Preparing for a Campaign Feasibility and Planning Study 2nd Edition

With each year, more and more non-profit organizations are preparing to enter into capital campaigns to construct or update facilities, build endowments, supplement operations and pursue other worthy financial goals. The more successful of these organizations will hire consulting firms to conduct Campaign Feasibility and Planning Studies. Identifying the best possible consulting firm for your organization is a critical decision. But there are many consulting firms and the proposals for service can vary widely. How can you make a thorough evaluation of a firm’s proposal, projected costs, and services if you have little or no direct experience?

Before you know the right questions to ask a firm, you must first be clear on what you expect from a Study. A well-conducted Study should reveal key information from those in a position to influence the success of your capital campaign. The Study should provide information and insights on how to strengthen your case for support, who the campaign leaders should be, who the prospective donors are, what is a realistic goal, and how long will it take to run a campaign. Other specific objectives of a Campaign Feasibility and Planning Study are:

  • Gauge the interviewee’s perception of your organization
  • Evaluate the interviewee’s response to the Case for Support and their willingness to give and volunteer
  • Identify the most influential campaign leadership prospects
  • Identify the affluent donor prospects
  • Establish a realistic financial goal and timeline for a campaign
  • Identify special opportunities (collaborations or previously unknown funding sources) and potential obstacles (competing campaigns, discontent, etc.)
  • Assess the general climate for a campaign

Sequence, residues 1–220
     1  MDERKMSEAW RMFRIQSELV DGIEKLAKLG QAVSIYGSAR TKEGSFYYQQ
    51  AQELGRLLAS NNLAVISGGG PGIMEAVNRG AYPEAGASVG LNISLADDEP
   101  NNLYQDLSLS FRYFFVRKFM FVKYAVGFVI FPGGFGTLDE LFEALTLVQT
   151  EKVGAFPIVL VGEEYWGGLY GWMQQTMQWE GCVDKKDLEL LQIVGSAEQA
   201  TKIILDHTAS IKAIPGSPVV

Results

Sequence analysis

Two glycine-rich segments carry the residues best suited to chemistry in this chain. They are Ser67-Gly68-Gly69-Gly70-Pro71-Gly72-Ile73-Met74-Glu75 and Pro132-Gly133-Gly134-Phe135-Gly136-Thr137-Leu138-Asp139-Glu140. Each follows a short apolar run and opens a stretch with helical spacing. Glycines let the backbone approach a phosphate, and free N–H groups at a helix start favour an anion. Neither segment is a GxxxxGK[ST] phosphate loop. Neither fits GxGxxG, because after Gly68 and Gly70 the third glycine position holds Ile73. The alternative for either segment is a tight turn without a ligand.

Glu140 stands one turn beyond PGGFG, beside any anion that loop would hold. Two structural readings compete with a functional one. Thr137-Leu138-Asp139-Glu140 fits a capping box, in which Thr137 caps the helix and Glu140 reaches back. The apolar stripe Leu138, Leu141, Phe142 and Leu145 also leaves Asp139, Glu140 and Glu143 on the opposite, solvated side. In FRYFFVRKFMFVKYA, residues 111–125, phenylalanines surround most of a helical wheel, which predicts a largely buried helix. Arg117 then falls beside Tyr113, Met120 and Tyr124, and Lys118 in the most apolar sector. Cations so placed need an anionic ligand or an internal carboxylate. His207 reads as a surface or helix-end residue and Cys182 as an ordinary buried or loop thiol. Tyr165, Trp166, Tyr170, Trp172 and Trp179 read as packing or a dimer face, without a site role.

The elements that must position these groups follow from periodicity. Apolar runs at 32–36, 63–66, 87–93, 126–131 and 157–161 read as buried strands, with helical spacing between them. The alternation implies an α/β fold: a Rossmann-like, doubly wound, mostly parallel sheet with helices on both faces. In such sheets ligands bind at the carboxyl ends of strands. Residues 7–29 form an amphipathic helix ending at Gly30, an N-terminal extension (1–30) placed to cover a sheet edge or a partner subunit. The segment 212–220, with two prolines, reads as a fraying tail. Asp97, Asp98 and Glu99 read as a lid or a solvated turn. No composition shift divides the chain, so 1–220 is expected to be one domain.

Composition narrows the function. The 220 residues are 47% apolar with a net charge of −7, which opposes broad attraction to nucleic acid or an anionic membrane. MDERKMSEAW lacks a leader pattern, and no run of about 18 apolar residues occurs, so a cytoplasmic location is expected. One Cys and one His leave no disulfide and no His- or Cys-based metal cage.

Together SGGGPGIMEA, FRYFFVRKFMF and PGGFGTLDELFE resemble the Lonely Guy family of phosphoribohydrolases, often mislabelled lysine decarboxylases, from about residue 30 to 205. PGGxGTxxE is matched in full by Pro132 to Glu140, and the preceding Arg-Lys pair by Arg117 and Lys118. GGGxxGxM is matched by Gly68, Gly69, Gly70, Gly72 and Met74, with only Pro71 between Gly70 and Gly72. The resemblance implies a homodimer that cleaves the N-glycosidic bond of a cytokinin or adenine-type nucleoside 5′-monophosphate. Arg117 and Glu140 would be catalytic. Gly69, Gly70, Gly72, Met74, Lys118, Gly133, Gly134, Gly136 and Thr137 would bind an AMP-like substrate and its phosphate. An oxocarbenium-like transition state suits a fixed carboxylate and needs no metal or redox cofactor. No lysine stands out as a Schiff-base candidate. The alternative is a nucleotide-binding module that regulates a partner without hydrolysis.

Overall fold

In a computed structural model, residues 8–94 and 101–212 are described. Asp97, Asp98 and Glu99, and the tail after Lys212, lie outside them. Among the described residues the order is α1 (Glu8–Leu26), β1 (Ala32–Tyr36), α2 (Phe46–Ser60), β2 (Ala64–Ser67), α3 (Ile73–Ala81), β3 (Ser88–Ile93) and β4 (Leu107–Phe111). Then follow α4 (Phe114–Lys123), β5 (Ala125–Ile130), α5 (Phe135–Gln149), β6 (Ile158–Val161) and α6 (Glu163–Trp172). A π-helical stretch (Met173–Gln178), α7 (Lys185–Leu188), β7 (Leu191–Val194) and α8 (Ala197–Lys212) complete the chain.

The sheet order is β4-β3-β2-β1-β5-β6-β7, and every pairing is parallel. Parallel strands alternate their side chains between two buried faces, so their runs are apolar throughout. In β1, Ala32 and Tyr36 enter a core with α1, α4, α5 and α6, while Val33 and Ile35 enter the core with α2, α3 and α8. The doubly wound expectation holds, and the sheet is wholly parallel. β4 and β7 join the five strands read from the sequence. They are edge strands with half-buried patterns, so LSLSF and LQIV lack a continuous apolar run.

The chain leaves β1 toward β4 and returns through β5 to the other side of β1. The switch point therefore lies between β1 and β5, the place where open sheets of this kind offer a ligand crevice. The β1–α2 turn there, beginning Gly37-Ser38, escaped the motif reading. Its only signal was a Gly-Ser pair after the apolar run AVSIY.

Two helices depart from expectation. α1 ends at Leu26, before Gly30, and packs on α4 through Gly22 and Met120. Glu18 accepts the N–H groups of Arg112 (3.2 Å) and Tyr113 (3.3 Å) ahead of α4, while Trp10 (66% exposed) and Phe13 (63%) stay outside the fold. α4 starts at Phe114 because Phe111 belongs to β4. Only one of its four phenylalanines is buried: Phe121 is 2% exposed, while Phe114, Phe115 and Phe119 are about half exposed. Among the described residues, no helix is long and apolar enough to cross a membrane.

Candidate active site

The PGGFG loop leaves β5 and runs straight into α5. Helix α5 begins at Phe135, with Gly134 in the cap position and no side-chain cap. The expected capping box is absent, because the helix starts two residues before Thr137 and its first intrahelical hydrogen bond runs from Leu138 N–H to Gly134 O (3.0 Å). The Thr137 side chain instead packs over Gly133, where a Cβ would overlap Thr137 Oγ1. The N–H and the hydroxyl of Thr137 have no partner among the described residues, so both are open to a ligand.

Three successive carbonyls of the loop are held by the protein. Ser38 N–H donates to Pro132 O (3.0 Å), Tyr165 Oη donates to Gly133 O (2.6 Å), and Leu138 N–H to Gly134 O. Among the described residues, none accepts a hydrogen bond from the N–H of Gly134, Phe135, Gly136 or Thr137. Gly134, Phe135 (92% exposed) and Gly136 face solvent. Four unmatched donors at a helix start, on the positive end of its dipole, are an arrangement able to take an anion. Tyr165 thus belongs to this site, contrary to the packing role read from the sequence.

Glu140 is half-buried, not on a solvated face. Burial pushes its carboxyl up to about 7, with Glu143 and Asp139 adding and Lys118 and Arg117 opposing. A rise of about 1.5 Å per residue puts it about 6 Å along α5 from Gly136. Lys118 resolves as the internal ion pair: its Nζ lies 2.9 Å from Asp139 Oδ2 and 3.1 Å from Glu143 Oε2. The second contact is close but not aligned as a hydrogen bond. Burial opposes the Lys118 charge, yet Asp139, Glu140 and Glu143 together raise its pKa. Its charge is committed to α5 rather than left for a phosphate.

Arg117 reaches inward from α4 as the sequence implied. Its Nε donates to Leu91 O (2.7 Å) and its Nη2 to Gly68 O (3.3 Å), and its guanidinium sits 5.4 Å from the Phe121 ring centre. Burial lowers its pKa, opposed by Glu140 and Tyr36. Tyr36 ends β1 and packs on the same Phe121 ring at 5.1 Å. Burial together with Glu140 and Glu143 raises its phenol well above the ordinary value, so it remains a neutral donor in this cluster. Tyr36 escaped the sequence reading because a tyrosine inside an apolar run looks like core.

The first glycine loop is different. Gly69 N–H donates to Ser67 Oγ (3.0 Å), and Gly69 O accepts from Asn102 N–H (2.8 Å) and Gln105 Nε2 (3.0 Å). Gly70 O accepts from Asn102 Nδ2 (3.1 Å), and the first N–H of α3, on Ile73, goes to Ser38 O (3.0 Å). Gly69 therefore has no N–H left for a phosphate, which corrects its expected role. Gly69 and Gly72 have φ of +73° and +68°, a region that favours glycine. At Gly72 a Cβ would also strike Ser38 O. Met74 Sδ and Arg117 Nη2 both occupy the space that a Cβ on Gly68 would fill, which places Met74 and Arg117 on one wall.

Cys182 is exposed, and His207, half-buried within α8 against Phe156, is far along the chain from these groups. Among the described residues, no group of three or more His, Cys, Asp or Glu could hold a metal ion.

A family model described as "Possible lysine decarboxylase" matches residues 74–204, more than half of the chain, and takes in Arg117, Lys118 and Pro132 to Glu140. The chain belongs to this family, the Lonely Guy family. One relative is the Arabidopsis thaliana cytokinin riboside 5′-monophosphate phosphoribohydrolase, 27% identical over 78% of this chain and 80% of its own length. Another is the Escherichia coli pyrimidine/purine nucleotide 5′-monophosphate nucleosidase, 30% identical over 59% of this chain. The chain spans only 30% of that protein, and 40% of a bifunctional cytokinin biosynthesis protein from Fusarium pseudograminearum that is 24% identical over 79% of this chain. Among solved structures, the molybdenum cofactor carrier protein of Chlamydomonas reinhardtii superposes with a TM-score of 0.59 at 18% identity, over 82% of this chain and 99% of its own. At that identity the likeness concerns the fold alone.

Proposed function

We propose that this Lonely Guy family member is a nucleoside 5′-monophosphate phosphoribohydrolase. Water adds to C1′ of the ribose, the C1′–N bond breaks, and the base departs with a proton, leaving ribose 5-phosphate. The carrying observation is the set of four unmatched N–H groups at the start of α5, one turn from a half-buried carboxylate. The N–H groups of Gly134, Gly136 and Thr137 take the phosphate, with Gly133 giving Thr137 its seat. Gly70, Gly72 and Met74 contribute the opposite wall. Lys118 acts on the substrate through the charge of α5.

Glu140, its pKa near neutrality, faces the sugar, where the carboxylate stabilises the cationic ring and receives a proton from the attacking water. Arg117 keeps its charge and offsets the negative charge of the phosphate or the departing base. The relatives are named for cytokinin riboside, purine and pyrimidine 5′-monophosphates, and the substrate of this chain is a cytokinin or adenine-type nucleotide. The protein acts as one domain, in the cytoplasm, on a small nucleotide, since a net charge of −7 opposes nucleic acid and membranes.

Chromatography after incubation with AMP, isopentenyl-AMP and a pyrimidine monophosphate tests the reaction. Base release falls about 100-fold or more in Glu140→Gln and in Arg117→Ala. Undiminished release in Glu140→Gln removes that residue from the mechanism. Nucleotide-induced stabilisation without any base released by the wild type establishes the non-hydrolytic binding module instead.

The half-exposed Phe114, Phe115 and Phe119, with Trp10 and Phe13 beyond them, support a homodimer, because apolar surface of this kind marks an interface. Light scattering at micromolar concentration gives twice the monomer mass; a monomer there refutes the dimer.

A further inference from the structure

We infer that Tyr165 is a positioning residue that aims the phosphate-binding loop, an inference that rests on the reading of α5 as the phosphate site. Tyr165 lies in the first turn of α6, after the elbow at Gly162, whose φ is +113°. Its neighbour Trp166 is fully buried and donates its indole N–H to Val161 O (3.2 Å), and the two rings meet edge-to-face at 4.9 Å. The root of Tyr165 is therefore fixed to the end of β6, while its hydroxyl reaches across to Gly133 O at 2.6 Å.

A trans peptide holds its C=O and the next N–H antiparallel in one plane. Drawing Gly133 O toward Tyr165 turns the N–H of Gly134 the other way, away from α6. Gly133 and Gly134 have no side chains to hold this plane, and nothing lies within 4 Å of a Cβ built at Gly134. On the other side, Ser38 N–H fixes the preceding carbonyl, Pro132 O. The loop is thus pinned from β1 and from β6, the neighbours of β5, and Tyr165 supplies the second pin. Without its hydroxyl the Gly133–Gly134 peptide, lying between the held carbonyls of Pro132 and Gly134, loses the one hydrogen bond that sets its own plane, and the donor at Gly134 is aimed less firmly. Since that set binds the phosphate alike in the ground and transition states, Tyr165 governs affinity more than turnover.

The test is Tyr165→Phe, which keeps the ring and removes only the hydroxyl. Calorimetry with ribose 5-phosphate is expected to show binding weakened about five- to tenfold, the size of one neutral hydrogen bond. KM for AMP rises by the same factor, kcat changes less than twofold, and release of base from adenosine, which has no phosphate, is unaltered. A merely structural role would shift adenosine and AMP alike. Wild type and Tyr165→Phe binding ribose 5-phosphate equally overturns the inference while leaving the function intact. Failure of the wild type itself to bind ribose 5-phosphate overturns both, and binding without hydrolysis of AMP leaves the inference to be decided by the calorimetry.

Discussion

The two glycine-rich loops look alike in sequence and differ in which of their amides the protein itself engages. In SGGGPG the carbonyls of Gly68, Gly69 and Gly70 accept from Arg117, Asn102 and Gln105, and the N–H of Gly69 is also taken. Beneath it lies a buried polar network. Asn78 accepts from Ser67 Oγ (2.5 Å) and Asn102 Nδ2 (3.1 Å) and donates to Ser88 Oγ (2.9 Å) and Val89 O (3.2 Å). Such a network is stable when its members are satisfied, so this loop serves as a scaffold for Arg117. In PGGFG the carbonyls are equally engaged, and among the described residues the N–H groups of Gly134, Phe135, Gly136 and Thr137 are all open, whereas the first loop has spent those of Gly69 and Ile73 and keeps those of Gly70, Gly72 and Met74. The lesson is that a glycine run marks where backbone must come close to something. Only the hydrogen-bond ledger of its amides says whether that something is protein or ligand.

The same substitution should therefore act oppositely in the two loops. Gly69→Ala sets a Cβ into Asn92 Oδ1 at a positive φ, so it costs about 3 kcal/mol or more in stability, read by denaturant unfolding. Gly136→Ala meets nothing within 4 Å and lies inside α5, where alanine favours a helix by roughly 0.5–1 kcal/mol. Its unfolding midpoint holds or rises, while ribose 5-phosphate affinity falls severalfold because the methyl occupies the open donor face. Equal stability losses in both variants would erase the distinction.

• Cultivate the interviewee for a potential role in the campaign
  • Develop a preliminary campaign plan, fundraising timetable and organizational chart
  • Provide management with the results of the study, with a formal written report, outlining the findings, evaluating those findings and making fundraising and development related recommendations.

With a firm grasp of what outcomes you expect from a Study, you can now work backwards to determine how those goals will be met. Review each proposal to see how the consulting firm presents their methodology and the distinguishing characteristics of their Study approach. After narrowing the proposals down to a short list, speak with representatives of the firm to learn more about their service, experience, and ability to relate to your organizational needs. Develop a list of interview questions. Your questions may include:

  • How many interviews would you conduct for our organization? Do they focus on 30 or 40 people closely involved with the organization, or will they expand the scope of their Study to include additional people on the periphery?
  • What would be the composition of interviewees? What is the percentage balance between internal (trustees, staff) and external (community leaders, alumni, parents, etc.) participants? Seek a balance. If 75% of the interviews are with internal participants, will you have reliable information about what people outside the organization are thinking? Be sensible.
  • How are the interviews conducted—by phone or in person? If both, what balance should we expect? Remember there is no substitute for face-to-face meetings when discussing important issues—particularly regarding giving and raising significant sums of money.
  • Could you describe the interview process? Find out how each firm logistically approaches the interview process (letters, phone calls, etc.) and how each interview is conducted.
  • Will there be a written final report? What about an interim report? How will you learn what has been discovered and the opinions of the study leader or team?